From Barbara M: Writing

Current Day Vowellans
The Evolution of the Vowellans

It’s hard to believe, but the quirky, unpredictable Vowellans of Heaven’s Wait originated within the pages of a remedial reading workbook that I self-published way back in 1981. I used the workbook to tutor struggling primary students, and I sold it to local bookstores.

While developing the project, I named the five main characters of the simple stories within the workbook San Ham Bat, Lek Net Pet (surname later became Net Ken), Kip Fig Wig, Mok Fog Bob, and Dun Rug Bum. I assigned their names as mere examples of the five short vowel sounds: a, e, i, o, and u. I also heavily embedded these sounds within the simple stories to reinforce the usage of the short vowels. For example, San Ham Bat wore hats, carried bags, ate ants, slept in pans, and kept pet cats. His dad’s name was Mat, and his mom’s name was Lan. These other characters had similar traits based on their short vowel sounds.

Below are some examples of the original illustrations for the workbook, drawn by a high school student by the name of Jon Gudmundsson. He attended Kennedy High School in Richmond, CA, where my husband, Mike, was a student counselor.

Original Kip, Sil, and Mok

Original Kip, Sil, and Mok

Original Dun and San

Original Dun and San

Original Dr. Jon and Mok

Original Dr. Jon and Mok

As I’ve mentioned in previous posts, I abandoned the workbook after the passing of my dad in 1984 and pursued other interests. In 2006, I came up with the idea of writing some little life-lesson stories, not only for fun, but to leave to my family as a sort of legacy. I realized I could resurrect the characters from my remedial reading workbook, leave the phonics lessons behind, and embellish the simple stories to make them whatever I wanted.

The simple stories grew, as did the characters’ personalities. Before long, the five original characters took on lives of their own. Suddenly, they had families and stories to tell within their own “clans,” as they came to be known. There were so many places to take these characters, as many as my imagination would allow. I found a multitude of interactions that were waiting to become stories, and I dove into the project head first. Since I had already established the vowel-based pattern, I named the collective inhabitants of their world The Vowellans and their little hidden community Vowella Valley.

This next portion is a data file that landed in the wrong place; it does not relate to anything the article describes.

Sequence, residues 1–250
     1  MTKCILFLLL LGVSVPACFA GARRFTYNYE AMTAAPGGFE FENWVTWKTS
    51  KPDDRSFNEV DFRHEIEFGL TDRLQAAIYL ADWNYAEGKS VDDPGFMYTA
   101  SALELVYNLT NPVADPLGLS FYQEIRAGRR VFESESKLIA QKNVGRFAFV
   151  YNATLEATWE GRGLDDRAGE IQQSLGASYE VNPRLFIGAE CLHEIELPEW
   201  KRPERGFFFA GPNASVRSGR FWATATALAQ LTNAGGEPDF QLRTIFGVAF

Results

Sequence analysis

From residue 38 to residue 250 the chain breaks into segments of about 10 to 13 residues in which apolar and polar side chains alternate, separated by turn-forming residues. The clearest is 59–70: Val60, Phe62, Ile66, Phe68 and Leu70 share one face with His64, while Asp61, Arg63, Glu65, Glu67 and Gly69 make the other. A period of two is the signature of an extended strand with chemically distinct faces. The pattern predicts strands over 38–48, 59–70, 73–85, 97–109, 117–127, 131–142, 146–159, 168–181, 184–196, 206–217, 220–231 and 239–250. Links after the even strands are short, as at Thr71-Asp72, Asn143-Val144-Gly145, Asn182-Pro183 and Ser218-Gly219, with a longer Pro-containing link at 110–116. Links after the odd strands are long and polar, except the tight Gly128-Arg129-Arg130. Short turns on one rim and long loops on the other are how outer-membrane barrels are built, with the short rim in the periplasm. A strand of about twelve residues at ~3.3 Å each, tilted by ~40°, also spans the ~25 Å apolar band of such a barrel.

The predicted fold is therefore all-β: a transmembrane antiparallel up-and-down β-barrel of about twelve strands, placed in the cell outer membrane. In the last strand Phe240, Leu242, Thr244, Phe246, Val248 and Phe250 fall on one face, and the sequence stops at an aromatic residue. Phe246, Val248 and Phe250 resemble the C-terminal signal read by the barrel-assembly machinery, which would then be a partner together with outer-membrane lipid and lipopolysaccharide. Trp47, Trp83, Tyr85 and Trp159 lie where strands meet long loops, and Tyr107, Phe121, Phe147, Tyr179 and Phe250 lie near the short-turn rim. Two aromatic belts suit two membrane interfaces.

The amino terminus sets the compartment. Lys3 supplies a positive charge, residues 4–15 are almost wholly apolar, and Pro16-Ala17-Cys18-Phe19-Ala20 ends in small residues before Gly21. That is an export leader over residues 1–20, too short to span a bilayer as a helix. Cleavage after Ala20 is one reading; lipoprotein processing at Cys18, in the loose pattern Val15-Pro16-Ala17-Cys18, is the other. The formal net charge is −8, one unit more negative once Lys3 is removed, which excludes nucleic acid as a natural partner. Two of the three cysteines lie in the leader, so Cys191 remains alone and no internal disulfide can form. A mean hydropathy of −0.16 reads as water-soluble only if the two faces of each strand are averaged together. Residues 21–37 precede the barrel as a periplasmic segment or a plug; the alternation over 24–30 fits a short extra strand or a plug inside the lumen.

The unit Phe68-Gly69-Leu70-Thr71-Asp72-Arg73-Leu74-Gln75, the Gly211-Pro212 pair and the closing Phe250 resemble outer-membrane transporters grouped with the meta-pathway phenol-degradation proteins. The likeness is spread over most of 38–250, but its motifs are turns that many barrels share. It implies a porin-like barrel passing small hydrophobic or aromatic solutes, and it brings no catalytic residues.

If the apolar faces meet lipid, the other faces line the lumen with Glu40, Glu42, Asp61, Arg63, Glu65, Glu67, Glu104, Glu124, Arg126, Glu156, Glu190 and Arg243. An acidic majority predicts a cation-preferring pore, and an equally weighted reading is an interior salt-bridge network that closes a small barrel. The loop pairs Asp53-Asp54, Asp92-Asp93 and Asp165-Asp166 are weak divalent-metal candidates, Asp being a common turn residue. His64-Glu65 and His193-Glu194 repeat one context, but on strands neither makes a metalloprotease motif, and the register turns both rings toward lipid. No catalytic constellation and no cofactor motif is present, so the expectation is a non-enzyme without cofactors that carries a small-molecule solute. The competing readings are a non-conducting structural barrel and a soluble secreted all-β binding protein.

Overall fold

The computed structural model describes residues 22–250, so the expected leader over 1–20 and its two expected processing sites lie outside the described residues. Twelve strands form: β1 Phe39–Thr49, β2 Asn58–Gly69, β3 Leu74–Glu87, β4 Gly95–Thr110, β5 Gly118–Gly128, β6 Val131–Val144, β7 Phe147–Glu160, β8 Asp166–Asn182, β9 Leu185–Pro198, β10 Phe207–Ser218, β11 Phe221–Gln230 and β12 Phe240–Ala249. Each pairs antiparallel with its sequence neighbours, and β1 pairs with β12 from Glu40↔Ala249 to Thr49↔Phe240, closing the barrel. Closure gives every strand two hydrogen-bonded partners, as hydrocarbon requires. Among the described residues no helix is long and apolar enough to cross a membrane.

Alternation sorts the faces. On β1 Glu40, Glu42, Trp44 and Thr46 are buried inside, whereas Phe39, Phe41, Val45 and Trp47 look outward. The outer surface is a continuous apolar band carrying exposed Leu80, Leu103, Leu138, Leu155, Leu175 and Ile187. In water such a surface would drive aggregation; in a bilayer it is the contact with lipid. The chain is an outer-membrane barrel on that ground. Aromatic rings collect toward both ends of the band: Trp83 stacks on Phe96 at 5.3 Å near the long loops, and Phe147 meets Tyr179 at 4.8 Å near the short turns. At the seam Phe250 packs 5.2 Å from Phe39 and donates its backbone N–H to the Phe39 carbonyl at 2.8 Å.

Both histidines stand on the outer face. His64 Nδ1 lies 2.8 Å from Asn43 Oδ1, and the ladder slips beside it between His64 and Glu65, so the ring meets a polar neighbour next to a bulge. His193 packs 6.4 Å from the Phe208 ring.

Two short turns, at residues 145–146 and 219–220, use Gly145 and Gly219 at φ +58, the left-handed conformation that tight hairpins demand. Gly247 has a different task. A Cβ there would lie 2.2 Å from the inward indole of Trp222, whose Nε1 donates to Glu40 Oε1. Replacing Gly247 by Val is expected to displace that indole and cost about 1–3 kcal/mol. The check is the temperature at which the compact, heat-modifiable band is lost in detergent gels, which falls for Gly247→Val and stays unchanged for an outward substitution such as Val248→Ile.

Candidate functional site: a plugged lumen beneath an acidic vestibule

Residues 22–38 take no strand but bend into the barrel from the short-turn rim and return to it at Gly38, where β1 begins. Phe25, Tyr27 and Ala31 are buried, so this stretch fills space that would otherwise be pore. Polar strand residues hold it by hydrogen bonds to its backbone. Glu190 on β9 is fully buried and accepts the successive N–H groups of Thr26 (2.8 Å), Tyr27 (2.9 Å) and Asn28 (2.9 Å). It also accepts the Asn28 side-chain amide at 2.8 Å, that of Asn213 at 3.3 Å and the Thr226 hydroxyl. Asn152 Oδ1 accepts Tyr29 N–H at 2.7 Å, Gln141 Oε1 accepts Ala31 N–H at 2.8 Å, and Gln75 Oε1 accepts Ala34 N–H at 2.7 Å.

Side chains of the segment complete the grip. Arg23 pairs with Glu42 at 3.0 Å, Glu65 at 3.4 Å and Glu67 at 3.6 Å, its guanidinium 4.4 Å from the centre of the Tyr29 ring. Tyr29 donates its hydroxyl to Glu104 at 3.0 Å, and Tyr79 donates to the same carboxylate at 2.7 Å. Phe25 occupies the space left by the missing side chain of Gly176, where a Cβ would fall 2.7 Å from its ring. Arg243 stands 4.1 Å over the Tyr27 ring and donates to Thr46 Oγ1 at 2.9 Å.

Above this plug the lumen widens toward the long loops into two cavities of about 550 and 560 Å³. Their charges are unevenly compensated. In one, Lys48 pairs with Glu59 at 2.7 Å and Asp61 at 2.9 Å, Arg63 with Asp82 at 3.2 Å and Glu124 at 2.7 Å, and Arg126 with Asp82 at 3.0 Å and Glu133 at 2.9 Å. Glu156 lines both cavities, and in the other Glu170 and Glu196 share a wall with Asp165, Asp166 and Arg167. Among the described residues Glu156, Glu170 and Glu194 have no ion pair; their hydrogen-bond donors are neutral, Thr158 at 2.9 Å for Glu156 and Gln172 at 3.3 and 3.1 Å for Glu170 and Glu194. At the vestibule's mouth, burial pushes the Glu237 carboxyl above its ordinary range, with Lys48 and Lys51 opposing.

I thought you might also like to see the visual progression of the illustrations for the central character amongst the Vowellans, 15-year-old Mok Fog Bob. He’s had a fascinating and transformative journey in Vowella.

Original Mok by Jon Gudmundsson

Original Mok by Jon Gudmundsson

Barb's illustration in a home design program

Barbara’s digital illustration of Mok in a home design program

Mok by Michael Trujillo for 1st Edition of Innocents

Mok by Michael Trujillo for 1st Edition of Innocents

Current Mok Fog Bob by Julia Semionova

Current Mok Fog Bob by Julia Semionova

Today’s Vowellans are a colorful, animated bunch, full of fun, mischief, troubles, and real relationships. They are characters on a mission to find their true calling. I think you will find them endearing, interesting folks. Their adventures are chronicled in my new 4-part Book Series, Heaven’s Wait! Tales from Vowella. Find links to the books in the footer of this page to fully enjoy the Vowellans’ stories.

If you would like to receive alerts for future posts like this, I invite you to complete the email form in the footer. That way, you’ll know when I’ve posted something new, which is usually on Saturday mornings. B

Written by Barbara McLaughlin


Category: Writing

December 31, 2022

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  1. Susan Tureck

    So interesting to hear a bit of the back story and physical evolution of the characters

  2. Mary Ghidella

    Love the progression of the artists interpretation of the characters!

  3. Judy Sam

    I really enjoyed your tale of the development of the vowellans and their experiences. I’d long ago thought your books were aimed at young students and couldn’t get connected, but reading about your personal development and return to thoughts about the characters you’d created caused me to realize that they were deeper within you and had things to say. I’ll enjoy hearing more about them and what’s happening now in their world!

  4. John Mackin

    very cool!